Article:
When To Choose A Jury Trial For A Personal Injury Case

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Personal Injury Law: It Gets Personal There are many different types of law. Lawyers who defend those who have suffered injuries and make sure they get the compensation they deserve are known as personal injury attorneys. They work on a wide variety of cases, from car accidents, to dog bites, to slip-and-fall cases. If you are injured and believe the injury was caused by someone else's negligence, this is the type of lawyer you call: a personal injury lawyer. It is our hope that the posts on this blog serve to educate you and our other readers about personal injury lawyers and the work that they do.




Trials are uncommon in personal injury cases and jury trials are even less common. When you begin your personal injury lawsuit, your attorney will assure you that only very few personal injury cases go to trial. However, if your case will be going to trial, you'll want to discuss with your lawyer about whether it would be better to have a jury trial. 

How Juries Differ

A judge will still be involved in a jury trial and will instruct the jury on what their role is. However, a jury can still be swayed by the party who is portrayed in the most sympathetic light. There is also a small chance that the jury will award a larger settlement than a judge. However, this also depends on the nature of your trial.

For example, if you are part of a group that the jury is likely to have a negative perception of, a bench trial may be a better choice. For example, juries are more likely to have negative perceptions of motorcyclists.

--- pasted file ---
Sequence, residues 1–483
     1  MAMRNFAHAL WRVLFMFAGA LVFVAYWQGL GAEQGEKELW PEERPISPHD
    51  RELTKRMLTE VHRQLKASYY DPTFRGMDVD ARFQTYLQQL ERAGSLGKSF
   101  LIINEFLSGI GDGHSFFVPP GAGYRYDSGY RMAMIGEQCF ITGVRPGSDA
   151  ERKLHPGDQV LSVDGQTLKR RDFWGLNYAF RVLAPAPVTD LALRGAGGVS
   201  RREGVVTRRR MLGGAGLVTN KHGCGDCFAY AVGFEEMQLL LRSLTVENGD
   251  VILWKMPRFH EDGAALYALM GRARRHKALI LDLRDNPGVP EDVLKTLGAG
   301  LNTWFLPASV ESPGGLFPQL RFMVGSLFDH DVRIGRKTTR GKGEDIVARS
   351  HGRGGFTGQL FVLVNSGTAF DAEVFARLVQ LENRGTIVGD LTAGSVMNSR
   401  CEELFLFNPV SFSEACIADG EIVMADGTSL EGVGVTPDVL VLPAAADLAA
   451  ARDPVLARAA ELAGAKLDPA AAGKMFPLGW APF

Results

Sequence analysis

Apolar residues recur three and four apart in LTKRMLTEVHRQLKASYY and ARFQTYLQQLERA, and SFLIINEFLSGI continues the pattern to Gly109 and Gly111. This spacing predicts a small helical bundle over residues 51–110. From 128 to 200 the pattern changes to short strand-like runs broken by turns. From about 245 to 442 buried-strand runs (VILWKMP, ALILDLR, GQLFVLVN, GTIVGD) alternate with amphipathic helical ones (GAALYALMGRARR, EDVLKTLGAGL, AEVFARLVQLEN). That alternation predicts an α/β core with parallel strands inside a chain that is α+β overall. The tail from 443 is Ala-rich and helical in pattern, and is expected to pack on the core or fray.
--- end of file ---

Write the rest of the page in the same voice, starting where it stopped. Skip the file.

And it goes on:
You Will Have Control Over the Jury

Both the plaintiff and defendant are allowed to control who will be on the jury. The jurors can be dismissed from the case for almost any reason, including reasons that would not be allowed in other contexts outside of court. For example, a juror might be dismissed due to their political ideology. 

Typically, there will be more jurors selected than are needed because some jurors may need to drop out due to other obligations or due to a medical emergency. 

The Procedure of a Jury Trial

Both your attorney and the defense will outline their version of the events. This will include how the defendant injured you and your version of the events. After opening statements, witnesses will be called to testify on behalf of both parties. 

Your attorney's job will be to explain the events that lead up to your injuries in detail and provide the jury with all of the necessary background information. Both your attorney and the defense will be allowed to cross-examine all witnesses. The defendant will be required to testify and act as a witness in the case. 

If the defendant refuses to participate by not going to trial, the judge might enter a default judgment in your favor. Once the trial is over, the jury will come back with a verdict before the end of the day. 

Contact a personal injury lawyer to learn more.

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